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A Cure for Cancer Confusion
A Hopkins oncology surgeon teams up with a cancer survivor to produce a widely circulated resource guide.

blank Pamela Ouyang and Nisha Chandra-StrobosCharles Balch says his cancer book aims to help patients become better partners in treatment decisions.

Few words instill more fear than You have cancer. The moment a physician utters them, patients almost always have a visceral response. Throughout his 32-year career, surgical oncologist Charles Balch has seen patients and their families unravel at the news hundreds of times. “People assume that cancer is a death sentence, but for many cancers, treatment prolongs life and can even eradicate disease,” he says. “There’s so much help available—it’s just a matter of knowing where to find it.”

Enter Cancer Guide: A Treatment and Facilities Guide for Patients and Their Families. Published by Patient Resource, the 178-page booklet made its debut two years ago. Balch is medical editor of the free guide, intended to help newly diagnosed cancer patients better understand their cancer and link them to other resources.

Brainchild of Patient Resource publisher Linette Atwood, a breast cancer survivor who lost a husband, father and sister to cancer, the guide is the only free print publication to provide a listing of every cancer treatment facility nationwide (1,400 in all) and cancer-specific advocacy group, along with contact information. Highly acclaimed, the patient-friendly booklet derives much of its content from various cancer organizations. Since its debut, more than a million copies have been distributed.

Atwood, a patient of one of Balch’s colleagues, approached Balch several years ago about serving as the guide’s editor. “It’s turned out to be the most delightful project I’ve ever worked on,” he says. A leading expert in melanoma and breast cancer, Balch is the hospital’s director for Clinical Trials and Outcomes Research and founding editor in chief of Annals of Surgical Oncology.

Written in simple language, Cancer Guide is updated annually and distributed free to thousands of cancer centers, doctors’ offices and cancer organizations nationwide. The guide includes vital information on how to choose the correct initial treatment; find the best treatment facilities and locate the top specialists for specific types of cancer; locate and participate in clinical drug trials; and manage financial issues, including the insurance maze.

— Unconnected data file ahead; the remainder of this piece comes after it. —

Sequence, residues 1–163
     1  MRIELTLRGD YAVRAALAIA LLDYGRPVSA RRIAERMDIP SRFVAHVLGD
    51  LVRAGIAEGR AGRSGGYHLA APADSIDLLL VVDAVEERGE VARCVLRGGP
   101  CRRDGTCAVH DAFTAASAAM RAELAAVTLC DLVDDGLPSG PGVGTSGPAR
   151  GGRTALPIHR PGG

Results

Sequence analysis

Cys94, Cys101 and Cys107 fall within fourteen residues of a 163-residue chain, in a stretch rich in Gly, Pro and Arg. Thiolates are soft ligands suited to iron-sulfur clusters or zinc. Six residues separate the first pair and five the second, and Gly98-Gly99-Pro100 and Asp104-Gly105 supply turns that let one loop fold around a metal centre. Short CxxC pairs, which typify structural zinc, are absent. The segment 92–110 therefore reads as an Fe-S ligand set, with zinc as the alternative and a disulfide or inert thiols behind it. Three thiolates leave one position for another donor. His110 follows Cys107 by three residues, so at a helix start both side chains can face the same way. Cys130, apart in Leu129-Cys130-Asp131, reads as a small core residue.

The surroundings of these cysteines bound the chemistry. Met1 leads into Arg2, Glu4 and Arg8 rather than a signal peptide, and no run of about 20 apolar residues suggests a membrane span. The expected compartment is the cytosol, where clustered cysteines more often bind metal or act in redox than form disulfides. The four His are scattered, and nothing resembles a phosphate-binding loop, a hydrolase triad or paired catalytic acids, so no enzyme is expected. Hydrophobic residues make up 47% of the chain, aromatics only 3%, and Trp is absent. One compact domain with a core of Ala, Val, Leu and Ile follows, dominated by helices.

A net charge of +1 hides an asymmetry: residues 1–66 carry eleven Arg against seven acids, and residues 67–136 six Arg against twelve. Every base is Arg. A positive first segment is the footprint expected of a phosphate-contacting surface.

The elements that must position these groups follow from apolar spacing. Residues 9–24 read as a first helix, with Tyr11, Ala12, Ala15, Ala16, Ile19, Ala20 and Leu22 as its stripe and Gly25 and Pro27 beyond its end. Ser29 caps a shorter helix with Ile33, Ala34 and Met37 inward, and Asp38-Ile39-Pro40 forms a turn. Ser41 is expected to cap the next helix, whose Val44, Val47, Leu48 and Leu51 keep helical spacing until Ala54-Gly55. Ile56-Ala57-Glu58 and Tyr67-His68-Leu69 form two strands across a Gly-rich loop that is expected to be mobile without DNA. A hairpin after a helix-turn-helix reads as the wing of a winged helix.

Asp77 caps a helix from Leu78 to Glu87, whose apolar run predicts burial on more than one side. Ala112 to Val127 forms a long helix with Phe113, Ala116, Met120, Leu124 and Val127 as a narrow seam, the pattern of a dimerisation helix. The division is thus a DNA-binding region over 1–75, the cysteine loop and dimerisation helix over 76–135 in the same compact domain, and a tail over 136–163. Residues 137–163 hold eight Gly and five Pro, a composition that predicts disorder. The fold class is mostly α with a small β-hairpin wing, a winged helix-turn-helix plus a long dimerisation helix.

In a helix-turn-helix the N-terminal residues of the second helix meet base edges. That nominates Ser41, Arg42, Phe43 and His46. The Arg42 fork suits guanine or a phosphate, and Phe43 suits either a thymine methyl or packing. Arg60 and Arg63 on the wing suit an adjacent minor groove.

At the same time, Cancer Guide stresses the importance of getting a second and even third opinion and participating in clinical trials. Cancer survivor stories are wedged between sections, providing insight, encouragement and hope.

“We want this book to empower newly diagnosed patients to become their own advocates,” says Balch, “because a well-informed patient stands a better chance of improved survival and quality of life.”

Balch and Atwood are now editing a stand-alone breast cancer guide, to debut at the end of the year, in collaboration with Susan G. Komen for the Cure. “They’re helping us reach women who may not know how to get to an oncologist’s office,” he says.

Meanwhile, with so much progress in cancer research and treatments, says Balch, one of the biggest challenges of the book will be keeping current. “We’ve already begun targeting cancers using molecular markers and customizing treatment based on the biology of the disease,” he says. Still, he adds, most people overestimate the mortality of their cancer. “Our goal is to become better partners with patients, help them get the best possible treatment and ultimately ease their emotional distress.”   

Copies of Cancer Guide are available through




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